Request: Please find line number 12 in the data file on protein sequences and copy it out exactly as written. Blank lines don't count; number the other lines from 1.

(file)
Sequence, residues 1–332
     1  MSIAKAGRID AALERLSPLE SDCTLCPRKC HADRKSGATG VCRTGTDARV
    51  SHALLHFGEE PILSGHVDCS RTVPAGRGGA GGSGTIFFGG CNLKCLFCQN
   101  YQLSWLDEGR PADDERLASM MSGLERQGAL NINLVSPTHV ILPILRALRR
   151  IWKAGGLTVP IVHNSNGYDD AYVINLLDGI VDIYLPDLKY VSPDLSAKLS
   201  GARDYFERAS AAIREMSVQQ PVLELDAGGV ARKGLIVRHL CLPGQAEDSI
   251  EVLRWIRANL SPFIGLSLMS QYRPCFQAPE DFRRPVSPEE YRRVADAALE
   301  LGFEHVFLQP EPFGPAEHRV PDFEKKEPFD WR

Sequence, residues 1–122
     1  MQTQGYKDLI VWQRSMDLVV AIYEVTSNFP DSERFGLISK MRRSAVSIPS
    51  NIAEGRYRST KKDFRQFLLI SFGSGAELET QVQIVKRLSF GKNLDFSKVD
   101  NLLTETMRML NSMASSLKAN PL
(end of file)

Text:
   101  NLLTETMRML NSMASSLKAN PL